This is one of our most requested blogs.  It was published five years ago but it has been “stolen” by websites that deal with HOWTO questions.

We have had our third Fun and Games Night at The Special Gathering of Indian River.  They have all been a roaring success.  In addition, Special Gathering of Brevard had a similar party about two weekends before our event.

These are a few of my observations regarding the planning of such an event.

  1. Serving refreshments is essential.  Serving a meal is optional.
  2. Be sure that you have the evening well-planned.
  3. Over planning is always better than under planning.
  4. Games may be fun but you must be sure that they aren’t too complicated for your members.
  5. With large groups, you will have many people who can’t do the planned activity.
  6. Give them different options.  Plan more than one game going on simultaneously.
  7. Play your games at the beginning of the evening.  Then if the games are a bust, your members won’t leave confused or perplexed.
  8. Gifts are optional.  We gave gifts at our first two events.  At the third one, I had them but forgot to give them out in time.  However, everyone has told me that the third event was by far the best.
  9. Plan to involve all your volunteers and your program leader in all the activities.
  10. I’m convinced that the reason things have gone so well at our Fun and Games is because all of our program leadership were in the mix playing with the everyone.
  11. Find a CD of silly songs.
  12. Learn the movements that correspond to the music.
  13. “YMCA” is the national anthem for persons with disabilities.  Be sure to include it.  If your group hasn’t been introduced, do it today.  They will love it.
  14. “Hokie Pokie,”  “Achy-Breaky Heart,” “Do the Limbo,” songs from the movie Grease and Rocky, “The Twist,” “Electric Slide” are all essentials for any successful party where you intend to use movement songs.
  15. Use movement songs.  They are fun and you can participate.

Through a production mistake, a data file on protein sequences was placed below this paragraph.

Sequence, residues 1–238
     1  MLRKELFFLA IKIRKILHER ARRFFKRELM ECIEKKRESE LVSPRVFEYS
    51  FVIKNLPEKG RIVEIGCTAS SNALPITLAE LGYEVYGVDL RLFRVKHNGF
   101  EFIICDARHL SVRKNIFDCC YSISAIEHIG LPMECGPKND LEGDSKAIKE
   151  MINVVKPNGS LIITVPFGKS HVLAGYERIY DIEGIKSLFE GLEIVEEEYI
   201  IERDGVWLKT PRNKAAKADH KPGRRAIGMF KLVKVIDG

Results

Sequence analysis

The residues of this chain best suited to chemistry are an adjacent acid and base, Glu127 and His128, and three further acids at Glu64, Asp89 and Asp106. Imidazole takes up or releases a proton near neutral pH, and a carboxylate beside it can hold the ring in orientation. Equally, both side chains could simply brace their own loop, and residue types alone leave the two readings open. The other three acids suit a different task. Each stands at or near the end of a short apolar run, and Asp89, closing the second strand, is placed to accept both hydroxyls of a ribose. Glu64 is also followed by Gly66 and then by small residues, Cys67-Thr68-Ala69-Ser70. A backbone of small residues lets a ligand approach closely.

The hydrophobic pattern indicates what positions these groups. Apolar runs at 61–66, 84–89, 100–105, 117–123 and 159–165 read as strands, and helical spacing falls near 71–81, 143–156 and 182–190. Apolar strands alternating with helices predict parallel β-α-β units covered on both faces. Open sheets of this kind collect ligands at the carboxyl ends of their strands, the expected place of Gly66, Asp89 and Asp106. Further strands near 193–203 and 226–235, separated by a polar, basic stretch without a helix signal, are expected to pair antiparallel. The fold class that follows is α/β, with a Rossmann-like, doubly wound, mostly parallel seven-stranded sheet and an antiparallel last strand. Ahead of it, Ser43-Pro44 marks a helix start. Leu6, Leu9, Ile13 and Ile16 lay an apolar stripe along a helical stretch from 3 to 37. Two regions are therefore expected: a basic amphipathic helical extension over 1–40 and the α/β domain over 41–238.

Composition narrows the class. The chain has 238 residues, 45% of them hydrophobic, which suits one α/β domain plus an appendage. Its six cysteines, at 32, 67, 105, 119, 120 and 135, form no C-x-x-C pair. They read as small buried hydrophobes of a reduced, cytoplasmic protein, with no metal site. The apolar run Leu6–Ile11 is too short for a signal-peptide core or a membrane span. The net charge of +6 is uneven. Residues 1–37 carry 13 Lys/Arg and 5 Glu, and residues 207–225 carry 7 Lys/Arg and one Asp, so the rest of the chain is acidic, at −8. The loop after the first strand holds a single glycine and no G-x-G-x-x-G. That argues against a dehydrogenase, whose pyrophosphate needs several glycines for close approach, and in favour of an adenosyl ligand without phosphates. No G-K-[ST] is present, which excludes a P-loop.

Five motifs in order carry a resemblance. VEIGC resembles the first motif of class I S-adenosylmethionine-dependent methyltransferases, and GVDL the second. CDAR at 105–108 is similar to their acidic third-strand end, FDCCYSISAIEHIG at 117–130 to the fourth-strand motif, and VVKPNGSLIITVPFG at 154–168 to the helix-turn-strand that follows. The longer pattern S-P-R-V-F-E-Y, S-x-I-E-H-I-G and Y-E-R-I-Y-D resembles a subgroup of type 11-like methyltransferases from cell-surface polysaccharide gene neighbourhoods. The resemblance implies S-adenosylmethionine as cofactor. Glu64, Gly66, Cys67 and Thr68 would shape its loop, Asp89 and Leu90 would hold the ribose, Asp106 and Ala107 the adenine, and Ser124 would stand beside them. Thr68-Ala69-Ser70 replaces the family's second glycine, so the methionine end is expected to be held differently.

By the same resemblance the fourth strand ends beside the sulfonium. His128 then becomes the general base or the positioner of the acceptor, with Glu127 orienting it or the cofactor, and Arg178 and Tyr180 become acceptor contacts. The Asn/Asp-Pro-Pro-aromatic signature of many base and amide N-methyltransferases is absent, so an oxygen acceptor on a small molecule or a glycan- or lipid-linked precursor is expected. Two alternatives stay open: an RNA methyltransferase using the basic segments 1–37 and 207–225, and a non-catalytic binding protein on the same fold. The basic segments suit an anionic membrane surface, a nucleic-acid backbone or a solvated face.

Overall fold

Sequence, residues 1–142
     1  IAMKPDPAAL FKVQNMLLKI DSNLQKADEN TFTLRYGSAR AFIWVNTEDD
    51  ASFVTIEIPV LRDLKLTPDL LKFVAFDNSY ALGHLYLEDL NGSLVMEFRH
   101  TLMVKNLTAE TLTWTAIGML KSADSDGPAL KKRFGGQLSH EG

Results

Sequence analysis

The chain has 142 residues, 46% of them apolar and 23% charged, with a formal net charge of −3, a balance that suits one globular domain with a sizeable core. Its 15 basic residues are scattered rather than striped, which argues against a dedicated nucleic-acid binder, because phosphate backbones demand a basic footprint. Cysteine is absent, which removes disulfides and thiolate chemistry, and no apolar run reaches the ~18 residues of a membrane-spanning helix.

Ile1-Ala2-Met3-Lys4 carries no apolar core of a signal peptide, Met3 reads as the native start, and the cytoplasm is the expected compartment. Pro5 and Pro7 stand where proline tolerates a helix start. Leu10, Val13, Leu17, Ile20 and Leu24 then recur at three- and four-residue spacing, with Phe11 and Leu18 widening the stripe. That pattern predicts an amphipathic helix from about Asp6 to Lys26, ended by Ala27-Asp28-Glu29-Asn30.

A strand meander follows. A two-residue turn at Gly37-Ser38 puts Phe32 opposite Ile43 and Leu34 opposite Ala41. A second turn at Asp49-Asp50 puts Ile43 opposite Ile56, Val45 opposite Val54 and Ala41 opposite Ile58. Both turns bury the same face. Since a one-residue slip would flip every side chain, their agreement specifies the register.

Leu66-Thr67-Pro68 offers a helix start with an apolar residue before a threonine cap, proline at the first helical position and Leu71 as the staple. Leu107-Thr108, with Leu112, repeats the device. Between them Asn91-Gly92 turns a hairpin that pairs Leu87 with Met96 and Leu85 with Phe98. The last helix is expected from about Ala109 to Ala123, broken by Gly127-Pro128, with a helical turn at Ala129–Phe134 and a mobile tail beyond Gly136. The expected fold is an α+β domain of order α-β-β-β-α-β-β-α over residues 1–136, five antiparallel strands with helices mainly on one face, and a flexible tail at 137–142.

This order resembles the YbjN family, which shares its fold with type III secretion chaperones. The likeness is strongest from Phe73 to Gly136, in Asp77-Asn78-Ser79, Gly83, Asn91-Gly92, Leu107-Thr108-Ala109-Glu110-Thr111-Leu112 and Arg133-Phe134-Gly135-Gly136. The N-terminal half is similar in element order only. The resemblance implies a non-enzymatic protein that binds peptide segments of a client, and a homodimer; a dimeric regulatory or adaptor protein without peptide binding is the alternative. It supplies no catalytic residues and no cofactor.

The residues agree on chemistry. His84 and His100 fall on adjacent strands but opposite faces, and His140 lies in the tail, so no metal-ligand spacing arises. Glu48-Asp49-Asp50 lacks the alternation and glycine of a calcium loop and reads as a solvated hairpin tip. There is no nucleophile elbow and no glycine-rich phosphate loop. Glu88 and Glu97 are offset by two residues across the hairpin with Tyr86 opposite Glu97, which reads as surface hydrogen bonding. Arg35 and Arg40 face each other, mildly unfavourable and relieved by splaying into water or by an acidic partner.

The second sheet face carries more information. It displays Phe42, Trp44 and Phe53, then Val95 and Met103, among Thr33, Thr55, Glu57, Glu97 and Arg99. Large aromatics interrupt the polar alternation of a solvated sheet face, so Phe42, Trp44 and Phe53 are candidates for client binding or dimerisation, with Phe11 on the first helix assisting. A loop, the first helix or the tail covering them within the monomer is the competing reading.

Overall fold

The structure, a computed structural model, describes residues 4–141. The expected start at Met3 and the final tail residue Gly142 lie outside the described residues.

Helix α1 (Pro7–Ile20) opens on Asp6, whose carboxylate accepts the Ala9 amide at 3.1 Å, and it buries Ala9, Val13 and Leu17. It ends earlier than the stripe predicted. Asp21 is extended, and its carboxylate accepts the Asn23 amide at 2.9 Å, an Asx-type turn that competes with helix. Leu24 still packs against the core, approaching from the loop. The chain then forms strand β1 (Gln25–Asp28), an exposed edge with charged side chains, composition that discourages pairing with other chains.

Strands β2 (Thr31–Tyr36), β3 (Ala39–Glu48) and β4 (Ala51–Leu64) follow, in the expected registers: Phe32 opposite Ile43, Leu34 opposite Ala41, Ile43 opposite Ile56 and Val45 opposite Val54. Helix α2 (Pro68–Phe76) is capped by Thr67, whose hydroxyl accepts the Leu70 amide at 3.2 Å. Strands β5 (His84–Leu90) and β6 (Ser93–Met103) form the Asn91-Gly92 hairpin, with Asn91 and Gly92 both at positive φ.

16. Ask your members can teach you the ones you don’t know,  They will love being the expert who is teaching you.
  17. Try to find someone who can teach line dancing.  It is relatively easy.  There is almost no human contact and it is great fun.
  18. Have a Christian chose your music selections.  Some of the music out there can wilt your eye lashes, if you aren’t careful.
  19. If you have the equipment, show a short (three minutes or less) DVD of your camp or an important event you desire to promote.
  20. Have some calmer games (Dominos or Spoons) set out for those who may want to sit and play games.
  21. Hoola Hoops are great fun.  If you can’t do them, that makes it even better.  We did them in two of our events. We weren’t able to find anyone who could do the hoola hoop but everyone tried.  More important, everyone laughed at ourselves and each other.
  22. Try to have more than one hoola hoop.  We had five at our last event.  Then our volunteers/leaders were asked to help people learn to do it.  The game went quickly and the members were all involved.
  23. Blowing soap bubbles is an activity that almost everyone can do. If you initiate the action, they will love it and not find it to be childish.

Mostly, have fun, get out there yourself and play, and keep it simple, simple, simple.